The Court's holding is consistent with the purpose of the FCA. One "purpose of the FCA is to encourage individuals with true `knowledge' of alleged wrongdoing to come forward and provide such information to the Government." Aflatooni, 163 F.3d at 526. That purpose is not "served by allowing a relator to maintain a quit tam suit based on pure speculation or conjecture." Id. Yet, to allow Hansen's lawsuit to go forward would do just that. He has no real evidence of any fraud; only his speculation (rejected by two independent state agencies) that defendants' use of the public interest value was fraudulent and that they had actual knowledge that it was fraudulent.
Moreover, as Hansen himself asserts, another purpose of the FCA is "to encourage insiders to come forward with such information where they would otherwise have little incentive to do so." Biddle, 161 F.3d at 538 (emphasis added); see also id. at 539 (quoting legislative history that states that the purpose of the FCA is to "`reward those private individuals who take significant personal risks to bring such wrongdoing to light'") (quoting S.Rep. No. 99-345, at 14 (1986), reprinted in 1986 U.S.C.C.A.N. 5266, 5279). Hansen is not an insider with little incentive to come forward. He is the Executive Director of a non-profit watchdog organization whose express purpose is to uncover such alleged fraud. To hold that Hansen is an original source would mean that anyone — an insider or an outsider — who conducts an investigation and learns of alleged fraud from whatever sources may maintain a qui tam action. For example, an investigative reporter who uncovers fraud in connection with a story he is covering could be considered an original source even if he does not have any firsthand knowledge of the alleged fraud. Such a holding would render the statutory requirement that an original source have "direct" "firsthand" knowledge meaningless. While Hansen should be commended for his service to the public, he does not have direct knowledge of the alleged fraud at issue here and thus is not an "original source."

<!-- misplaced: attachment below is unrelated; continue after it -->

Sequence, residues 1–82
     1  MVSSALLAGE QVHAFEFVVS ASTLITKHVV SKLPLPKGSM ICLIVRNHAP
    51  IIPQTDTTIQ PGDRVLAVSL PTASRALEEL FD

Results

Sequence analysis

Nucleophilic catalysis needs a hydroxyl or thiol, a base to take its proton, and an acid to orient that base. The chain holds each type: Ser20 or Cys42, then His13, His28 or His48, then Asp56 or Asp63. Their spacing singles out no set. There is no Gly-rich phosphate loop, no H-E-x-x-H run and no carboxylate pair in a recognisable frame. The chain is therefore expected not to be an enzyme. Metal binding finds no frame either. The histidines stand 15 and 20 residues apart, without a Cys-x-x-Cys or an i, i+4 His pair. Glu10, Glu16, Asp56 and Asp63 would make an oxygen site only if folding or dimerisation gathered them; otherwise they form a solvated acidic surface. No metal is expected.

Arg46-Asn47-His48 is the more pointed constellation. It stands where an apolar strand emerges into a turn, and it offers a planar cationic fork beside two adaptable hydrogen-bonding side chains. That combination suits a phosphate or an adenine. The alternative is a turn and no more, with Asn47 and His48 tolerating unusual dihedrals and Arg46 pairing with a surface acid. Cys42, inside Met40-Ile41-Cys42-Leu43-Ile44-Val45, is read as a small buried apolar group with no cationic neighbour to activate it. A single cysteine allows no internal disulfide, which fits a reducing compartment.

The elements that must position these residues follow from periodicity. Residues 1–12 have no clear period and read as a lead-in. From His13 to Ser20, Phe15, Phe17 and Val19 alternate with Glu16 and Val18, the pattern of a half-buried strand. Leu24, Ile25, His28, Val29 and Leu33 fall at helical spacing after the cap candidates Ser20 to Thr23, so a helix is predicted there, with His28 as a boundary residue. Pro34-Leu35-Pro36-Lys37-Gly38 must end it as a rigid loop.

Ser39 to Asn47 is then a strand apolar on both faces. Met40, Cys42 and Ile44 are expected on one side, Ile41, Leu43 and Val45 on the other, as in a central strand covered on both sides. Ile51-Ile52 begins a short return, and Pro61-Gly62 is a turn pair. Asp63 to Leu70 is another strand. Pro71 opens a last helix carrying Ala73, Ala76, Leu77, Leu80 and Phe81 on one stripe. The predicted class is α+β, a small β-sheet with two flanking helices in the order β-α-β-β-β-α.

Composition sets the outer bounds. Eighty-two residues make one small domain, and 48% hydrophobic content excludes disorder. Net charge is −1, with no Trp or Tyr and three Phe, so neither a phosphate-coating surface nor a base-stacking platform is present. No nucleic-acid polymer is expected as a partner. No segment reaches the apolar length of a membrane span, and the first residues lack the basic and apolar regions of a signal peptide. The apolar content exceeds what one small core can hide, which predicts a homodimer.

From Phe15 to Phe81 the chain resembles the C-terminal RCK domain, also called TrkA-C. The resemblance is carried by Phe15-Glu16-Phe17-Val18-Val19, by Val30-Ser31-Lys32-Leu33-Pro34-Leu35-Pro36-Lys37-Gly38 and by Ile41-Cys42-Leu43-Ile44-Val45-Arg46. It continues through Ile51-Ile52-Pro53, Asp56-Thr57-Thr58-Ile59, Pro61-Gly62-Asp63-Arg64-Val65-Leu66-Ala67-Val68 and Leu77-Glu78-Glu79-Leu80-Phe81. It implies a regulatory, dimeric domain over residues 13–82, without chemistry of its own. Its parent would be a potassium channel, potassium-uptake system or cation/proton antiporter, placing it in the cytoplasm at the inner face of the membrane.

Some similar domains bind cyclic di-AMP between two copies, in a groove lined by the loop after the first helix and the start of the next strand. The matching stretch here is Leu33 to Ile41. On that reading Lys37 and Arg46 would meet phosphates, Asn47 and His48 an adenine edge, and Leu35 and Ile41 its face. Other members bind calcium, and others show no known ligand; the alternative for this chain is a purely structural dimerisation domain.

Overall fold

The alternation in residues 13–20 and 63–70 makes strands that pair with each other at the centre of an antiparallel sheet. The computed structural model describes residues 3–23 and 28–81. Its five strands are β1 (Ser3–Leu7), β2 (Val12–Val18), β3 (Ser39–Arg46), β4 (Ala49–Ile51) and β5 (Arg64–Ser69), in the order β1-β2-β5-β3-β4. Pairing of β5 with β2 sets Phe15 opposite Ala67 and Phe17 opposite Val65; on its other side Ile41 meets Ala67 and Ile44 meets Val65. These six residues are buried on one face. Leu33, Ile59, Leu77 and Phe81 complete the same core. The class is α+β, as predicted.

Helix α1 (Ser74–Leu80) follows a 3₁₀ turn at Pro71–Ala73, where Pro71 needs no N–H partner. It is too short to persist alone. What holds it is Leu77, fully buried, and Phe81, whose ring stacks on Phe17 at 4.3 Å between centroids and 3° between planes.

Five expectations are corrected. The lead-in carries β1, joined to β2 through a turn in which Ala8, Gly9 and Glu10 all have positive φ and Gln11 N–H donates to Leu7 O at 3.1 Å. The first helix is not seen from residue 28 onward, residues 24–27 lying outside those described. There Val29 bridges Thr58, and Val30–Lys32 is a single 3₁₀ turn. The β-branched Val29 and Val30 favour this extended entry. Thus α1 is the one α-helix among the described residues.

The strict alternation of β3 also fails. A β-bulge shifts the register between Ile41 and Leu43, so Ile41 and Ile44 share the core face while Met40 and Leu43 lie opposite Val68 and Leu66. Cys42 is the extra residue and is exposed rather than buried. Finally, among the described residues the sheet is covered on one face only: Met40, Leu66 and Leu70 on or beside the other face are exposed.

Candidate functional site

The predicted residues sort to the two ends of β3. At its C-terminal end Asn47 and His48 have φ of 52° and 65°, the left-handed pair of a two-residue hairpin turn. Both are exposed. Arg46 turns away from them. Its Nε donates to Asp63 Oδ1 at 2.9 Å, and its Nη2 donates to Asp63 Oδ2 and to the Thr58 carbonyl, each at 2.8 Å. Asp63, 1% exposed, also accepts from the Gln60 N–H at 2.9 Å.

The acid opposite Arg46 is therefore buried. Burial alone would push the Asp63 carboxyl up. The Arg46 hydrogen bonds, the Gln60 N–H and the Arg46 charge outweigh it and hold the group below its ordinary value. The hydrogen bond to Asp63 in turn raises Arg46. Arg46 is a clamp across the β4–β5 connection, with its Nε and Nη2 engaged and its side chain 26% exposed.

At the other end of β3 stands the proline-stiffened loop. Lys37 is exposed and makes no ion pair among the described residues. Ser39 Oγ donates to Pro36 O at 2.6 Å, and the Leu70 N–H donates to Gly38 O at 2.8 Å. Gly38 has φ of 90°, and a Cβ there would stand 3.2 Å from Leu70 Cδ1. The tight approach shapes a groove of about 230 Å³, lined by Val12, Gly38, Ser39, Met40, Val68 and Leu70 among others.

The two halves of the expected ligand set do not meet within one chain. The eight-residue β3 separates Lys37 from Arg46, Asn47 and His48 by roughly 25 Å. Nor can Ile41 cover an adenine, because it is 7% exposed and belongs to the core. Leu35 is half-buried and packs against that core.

D. Other Issues
In the alternative, Hansen argues that if there are any disputes of fact an evidentiary hearing must be held. The Court's conclusion that it does not have jurisdiction, however, is based upon the undisputed facts. First, the undisputed fact of what is alleged in Hansen's First Amended Complaint. Second, the undisputed fact of the publication and content of the stories in the news media. Third, the facts as to Hansen's direct knowledge of the alleged fraud as supported by Hansen's evidence. Since the Court concludes that Hansen's evidence, without considering any evidence submitted by defendants, does not support a finding of direct knowledge, the Court need not hold an evidentiary hearing to determine if Hansen is an original source.
For the foregoing reasons the Court finds that the allegations upon which Hansen's complaint are based were publicly disclosed in the news media and that Hansen is not an original source because he does not have "direct" knowledge of the information upon which his allegations are based. Accordingly, defendants' motion to dismiss for lack of subject matter jurisdiction is GRANTED. Each party shall bear its or his own costs.